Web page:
4. Collision coverage: works just like it does with car insurance. If the motorcycle is damaged in an accident, the insurance company covers the costs of the policyholder’s repairs, less the deductible. So if you have $2,000 worth of damage with a $500 deductible, you’ll be responsible for the first $500, and then the insurance company will cover the additional $1,500 of damage.

5. Comprehensive coverage: offers protection against theft, vandalism and any damage to the motorcycle caused by something other than an accident, such as fire, flood, hail, etc. The insurance company pays for repairs or replacement costs, less the deductible.

6. Medical payments/personal injury protection: covers you for any injuries you or your passengers sustain in an accident, regardless of who is at fault. Medical payments would cover such expenses as an ambulance ride, x-rays and other medical expenses. Personal injury protection (PIP) provides more coverage than medical payments, extending to such costs as lost wages and death benefits. PIP is used in some states and serves as a replacement for medical payment coverage in those instances.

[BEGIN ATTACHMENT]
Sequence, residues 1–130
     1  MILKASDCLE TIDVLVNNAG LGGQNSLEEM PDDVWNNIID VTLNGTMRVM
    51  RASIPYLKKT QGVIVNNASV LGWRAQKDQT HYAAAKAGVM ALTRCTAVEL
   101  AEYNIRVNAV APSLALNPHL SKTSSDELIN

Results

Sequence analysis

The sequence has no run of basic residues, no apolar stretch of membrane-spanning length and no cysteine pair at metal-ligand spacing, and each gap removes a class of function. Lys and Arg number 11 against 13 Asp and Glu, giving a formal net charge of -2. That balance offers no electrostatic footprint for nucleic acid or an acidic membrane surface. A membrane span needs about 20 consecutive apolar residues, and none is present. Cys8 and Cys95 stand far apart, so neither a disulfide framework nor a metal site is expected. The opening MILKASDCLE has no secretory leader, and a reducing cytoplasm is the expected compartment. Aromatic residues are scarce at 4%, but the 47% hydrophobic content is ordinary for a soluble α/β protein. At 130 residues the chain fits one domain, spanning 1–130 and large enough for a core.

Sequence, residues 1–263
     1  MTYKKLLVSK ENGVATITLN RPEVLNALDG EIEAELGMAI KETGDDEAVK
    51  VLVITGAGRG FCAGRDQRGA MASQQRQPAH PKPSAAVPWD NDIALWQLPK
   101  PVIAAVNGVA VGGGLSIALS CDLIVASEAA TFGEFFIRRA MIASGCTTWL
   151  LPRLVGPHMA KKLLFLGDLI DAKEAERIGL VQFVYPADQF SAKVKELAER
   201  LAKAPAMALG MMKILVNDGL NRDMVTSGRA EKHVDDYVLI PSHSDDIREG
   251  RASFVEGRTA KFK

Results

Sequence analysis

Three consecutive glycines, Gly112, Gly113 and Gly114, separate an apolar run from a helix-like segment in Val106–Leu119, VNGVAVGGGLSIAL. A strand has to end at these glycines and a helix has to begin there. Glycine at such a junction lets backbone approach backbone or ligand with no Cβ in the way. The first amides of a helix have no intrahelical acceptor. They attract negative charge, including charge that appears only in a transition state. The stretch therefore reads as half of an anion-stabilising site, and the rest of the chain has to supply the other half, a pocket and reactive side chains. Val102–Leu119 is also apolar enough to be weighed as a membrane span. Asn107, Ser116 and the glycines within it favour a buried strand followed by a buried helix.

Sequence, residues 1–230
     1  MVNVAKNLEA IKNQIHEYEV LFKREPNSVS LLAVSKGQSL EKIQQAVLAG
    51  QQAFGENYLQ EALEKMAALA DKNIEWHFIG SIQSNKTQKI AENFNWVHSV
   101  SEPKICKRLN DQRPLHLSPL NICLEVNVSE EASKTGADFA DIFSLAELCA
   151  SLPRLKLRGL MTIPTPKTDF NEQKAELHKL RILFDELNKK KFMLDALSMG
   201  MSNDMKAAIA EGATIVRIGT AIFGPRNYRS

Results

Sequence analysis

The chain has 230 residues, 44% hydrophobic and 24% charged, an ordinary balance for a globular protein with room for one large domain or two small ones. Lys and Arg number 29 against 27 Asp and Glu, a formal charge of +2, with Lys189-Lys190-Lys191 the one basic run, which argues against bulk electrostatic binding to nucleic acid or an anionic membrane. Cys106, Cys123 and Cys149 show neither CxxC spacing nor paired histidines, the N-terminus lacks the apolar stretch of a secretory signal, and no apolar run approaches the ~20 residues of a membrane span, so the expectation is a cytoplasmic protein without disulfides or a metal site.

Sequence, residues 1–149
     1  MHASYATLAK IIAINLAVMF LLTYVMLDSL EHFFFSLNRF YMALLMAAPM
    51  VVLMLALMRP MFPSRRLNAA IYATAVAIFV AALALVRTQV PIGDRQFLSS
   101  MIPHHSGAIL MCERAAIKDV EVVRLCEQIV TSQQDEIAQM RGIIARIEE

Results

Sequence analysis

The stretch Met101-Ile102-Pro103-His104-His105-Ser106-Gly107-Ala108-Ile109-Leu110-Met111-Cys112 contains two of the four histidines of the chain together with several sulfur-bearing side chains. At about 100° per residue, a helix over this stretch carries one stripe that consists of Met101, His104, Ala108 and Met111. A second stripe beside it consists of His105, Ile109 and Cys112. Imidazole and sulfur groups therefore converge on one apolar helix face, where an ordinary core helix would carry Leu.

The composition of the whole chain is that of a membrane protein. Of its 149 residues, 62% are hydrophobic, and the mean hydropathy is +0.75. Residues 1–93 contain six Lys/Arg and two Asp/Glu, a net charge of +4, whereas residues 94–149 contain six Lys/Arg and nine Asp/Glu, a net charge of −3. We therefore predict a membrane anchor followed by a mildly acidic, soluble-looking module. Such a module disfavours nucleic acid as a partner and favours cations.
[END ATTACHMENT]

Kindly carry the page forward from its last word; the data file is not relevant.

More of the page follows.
When riding, always make sure to wear proper clothing and motorcycle safety gear, including helmets and jackets, for protection. If you need storage, consider buying a motorcycle backpack.

Additional motorcycle insurance coverage options

Beyond these six basic coverage options, motorcycle riders can choose from a host of additional coverages that they can add to their policy. Each insurance company has its own set of coverages to choose from, so be sure to research and ask the company or agent what they offer.

Total loss coverage. There isn’t much worse than purchasing a brand-new bike only to have it damaged or stolen shortly thereafter. Buying a new motorcycle is an expensive investment, and in the event the unimaginable happens, having additional coverage is the best way for you to ensure you receive payment for the appropriate value of your bike. This coverage varies by name and terms depending on the insurance company, but is generally offered for newer model bikes.